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TREES AND APPLE: Actor-moviemaker Mark Oliver, who recently screened his 2018 short Elvis Strung Out, may appreciate late singer Judy Garland’s lyrics: “I was born in a trunk in the Princess Theater in Pocatello, Idaho.” Oliver has a trunkful of theatrical antecedents himself. Grandfather David Oliver owned theatres and produced films in 1910s and 1920s Germany. Grandmother Edith was a screen actress. A great grandmother danced with the Kirov ballet. Oliver’s late Berlin-born father, H.A.D. (Bert) Oliver, sidestepped the stage to study with a London firm of solicitors founded in 1560. “But inside every solicitor there’s a barrister struggling to get out,” he said after moving to Vancouver and pleading criminal law cases. But the theatrical gene survived. One of Bert’s many acquittals involved him holding up a pre-punctured cup of water that dripped steadily for 30 seconds. Then, facing the judge (he later became one himself), he said: “This decidedly reminds me of the case for the Crown.”


Rupa and Rana Vig staged a 100 Year Journey gala based on a same-name book he published following his and brother Minto’s Mehfil magazine.

Malcolm Parry /

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CENTENARIANS: Rana and Rupa Vig staged another 100 Year Journey gala recently. The annual event began in 2014 along with a same-name book marking the centennial of Canadian officials turning back South Asians aboard the ship Komagata Maru. The book, which contains illustrated accounts of 103 successful immigrants and their families, was developed from Mehfil, a glossy magazine that Rana and brother Minto founded in 1993. Four years later, then-premier Glen Clark called Rana “a politician in the making.” Evading that dubious assessment, he achieved something comparable in 1994 by becoming a diamond-direct dealer of the Amway multi-level marketing firm.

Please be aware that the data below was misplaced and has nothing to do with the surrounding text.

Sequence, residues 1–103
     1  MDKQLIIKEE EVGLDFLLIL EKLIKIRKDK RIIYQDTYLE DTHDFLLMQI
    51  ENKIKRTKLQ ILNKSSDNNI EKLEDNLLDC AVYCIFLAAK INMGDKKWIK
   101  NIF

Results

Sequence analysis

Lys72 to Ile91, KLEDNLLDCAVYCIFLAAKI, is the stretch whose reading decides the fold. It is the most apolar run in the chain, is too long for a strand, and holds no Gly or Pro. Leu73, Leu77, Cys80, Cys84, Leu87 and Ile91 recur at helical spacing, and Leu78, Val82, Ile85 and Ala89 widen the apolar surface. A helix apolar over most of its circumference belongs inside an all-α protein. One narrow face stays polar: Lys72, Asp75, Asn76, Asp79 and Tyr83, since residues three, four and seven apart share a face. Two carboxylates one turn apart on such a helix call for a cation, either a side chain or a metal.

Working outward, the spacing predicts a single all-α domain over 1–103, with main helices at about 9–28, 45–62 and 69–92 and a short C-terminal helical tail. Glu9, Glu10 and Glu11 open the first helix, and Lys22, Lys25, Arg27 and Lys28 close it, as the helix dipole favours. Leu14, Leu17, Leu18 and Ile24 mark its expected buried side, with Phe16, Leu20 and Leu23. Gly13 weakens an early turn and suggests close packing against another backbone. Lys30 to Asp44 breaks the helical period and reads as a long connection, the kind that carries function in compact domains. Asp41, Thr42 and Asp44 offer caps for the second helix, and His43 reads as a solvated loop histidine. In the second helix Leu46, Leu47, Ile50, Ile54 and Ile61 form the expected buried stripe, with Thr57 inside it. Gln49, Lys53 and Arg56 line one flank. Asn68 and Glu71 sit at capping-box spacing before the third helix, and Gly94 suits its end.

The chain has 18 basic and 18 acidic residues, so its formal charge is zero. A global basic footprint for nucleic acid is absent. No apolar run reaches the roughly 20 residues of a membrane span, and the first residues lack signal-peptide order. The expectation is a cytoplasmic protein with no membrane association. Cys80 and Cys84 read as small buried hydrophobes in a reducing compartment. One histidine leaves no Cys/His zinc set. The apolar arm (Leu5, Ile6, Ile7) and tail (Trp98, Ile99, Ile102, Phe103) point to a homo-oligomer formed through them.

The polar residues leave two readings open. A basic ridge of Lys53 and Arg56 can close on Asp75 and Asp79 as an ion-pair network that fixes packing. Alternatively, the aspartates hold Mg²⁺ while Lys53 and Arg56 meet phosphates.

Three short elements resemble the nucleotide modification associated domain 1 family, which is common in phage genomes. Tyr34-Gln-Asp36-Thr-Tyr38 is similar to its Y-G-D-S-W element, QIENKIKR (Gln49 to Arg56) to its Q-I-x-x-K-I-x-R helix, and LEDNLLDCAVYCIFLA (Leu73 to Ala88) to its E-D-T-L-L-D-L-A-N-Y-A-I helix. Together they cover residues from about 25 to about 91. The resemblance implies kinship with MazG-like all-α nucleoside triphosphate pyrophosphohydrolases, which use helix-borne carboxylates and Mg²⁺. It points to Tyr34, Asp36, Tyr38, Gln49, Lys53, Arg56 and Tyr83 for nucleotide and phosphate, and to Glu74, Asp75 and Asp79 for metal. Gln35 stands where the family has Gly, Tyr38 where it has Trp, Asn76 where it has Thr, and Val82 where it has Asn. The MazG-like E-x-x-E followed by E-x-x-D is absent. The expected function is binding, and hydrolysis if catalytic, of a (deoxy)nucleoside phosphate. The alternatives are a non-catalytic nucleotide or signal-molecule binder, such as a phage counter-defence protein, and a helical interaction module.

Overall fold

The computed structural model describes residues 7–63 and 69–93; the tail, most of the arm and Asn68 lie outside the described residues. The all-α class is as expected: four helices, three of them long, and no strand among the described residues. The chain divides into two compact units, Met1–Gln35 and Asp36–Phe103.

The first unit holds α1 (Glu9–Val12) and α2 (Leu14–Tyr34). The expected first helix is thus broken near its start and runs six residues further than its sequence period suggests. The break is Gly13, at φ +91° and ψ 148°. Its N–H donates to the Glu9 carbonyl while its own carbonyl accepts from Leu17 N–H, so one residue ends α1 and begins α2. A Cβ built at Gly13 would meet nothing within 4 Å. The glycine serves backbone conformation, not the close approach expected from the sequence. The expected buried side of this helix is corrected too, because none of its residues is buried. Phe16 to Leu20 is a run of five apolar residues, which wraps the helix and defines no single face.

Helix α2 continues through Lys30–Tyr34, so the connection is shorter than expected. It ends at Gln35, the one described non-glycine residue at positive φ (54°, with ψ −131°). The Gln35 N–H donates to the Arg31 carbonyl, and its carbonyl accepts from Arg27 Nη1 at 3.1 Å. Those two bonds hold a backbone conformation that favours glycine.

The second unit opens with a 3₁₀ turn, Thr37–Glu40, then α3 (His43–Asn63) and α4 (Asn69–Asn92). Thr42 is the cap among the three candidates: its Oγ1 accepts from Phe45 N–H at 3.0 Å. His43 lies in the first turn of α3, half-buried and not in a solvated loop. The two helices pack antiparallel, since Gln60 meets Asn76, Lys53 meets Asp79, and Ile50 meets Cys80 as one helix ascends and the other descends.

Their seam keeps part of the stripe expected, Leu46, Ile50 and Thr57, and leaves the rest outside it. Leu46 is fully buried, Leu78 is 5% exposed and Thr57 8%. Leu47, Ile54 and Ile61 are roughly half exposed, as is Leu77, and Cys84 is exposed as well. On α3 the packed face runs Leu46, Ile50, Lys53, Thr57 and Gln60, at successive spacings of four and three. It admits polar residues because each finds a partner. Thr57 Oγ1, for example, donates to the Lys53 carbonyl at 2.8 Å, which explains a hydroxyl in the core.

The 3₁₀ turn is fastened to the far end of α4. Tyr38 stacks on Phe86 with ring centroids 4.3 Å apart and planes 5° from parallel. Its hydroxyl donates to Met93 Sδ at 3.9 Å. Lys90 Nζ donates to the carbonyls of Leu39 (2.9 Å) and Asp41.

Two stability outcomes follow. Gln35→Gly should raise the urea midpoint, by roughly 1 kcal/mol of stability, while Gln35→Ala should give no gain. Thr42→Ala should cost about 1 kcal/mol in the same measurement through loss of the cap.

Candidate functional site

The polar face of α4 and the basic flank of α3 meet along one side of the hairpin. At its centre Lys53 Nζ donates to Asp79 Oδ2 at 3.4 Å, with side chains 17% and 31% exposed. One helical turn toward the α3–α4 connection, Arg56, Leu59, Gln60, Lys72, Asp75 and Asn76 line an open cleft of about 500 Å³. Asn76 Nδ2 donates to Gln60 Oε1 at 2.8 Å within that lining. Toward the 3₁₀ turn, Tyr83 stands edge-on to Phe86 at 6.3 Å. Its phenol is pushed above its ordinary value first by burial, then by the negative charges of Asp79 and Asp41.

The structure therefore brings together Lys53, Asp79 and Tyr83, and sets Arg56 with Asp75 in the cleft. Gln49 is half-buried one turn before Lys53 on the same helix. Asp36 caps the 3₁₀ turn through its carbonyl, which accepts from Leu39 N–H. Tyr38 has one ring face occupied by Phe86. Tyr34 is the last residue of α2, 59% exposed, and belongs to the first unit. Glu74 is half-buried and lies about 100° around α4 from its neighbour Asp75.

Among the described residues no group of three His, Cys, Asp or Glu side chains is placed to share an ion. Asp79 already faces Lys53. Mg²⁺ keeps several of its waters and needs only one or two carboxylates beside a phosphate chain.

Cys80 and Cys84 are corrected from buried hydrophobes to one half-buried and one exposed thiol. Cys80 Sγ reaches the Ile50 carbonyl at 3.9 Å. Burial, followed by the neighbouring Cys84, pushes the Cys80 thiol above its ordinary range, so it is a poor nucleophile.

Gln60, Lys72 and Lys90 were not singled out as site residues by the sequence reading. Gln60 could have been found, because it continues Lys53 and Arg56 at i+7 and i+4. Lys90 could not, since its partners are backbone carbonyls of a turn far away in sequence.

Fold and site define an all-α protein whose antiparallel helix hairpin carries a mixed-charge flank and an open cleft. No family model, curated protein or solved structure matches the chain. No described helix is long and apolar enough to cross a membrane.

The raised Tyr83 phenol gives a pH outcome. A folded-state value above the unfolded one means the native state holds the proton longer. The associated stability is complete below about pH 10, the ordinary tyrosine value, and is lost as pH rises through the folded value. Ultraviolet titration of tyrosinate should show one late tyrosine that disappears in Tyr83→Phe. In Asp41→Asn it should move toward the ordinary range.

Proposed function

Pamela Anderson may break out her self-named wine should there be a successful outcome to her protesting a Port Moody park’s proposed roadway.

Malcolm Parry /

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BOTTOMS UP: Actress and animal-activist Pamela Anderson has joined others opposing a proposed roadway through a Port Moody park. If successful, they could celebrate with toasts of Anderson’s name-brand wine. That would be a step-up from the tankerloads of Baby Duck produced by Port Moody’s old Andre’s winery. Coincidentally, that concern’s former site is contentious, too, with three towers and nine lower buildings now proposed.

DOWN PARRYSCOPE: Brexiteering Britons may ruefully sing Three Blind Mice on that children’s rhyme’s 510th anniversary Oct. 12.